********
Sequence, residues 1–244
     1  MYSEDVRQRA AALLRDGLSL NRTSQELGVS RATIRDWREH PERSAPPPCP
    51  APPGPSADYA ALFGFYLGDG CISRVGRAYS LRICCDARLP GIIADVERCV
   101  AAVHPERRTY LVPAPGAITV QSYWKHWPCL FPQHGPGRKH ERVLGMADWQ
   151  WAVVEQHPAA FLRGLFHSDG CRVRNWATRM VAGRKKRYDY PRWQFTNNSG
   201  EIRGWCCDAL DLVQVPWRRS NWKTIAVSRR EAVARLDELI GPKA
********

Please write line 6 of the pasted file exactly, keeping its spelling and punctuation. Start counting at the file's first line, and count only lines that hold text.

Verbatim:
   201  EIRGWCCDAL DLVQVPWRRS NWKTIAVSRR EAVARLDELI GPKA